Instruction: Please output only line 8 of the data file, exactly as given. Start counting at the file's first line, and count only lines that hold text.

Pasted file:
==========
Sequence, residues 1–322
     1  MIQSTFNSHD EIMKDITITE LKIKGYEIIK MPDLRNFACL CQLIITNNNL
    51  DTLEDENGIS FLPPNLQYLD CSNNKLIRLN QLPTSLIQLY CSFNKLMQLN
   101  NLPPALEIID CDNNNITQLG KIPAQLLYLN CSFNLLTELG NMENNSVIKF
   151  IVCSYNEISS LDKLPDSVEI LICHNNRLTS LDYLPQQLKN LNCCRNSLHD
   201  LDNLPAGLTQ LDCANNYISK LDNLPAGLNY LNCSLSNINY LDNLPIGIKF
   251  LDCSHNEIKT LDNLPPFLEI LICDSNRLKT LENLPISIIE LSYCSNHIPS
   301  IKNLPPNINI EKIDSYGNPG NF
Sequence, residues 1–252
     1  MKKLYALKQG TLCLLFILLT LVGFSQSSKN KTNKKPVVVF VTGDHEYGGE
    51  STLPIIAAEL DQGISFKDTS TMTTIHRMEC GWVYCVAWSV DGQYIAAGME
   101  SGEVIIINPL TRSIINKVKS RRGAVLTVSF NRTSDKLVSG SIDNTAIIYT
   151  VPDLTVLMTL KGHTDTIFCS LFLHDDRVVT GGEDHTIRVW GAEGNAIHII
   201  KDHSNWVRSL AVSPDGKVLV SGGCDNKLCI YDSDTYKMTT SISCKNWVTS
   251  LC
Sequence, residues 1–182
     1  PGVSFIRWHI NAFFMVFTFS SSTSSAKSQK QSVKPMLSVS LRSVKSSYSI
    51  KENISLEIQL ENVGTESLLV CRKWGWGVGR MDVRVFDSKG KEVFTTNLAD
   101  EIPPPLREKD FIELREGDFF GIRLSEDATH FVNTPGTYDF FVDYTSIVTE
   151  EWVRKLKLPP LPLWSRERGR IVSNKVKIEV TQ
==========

   301  IKNLPPNINI EKIDSYGNPG NF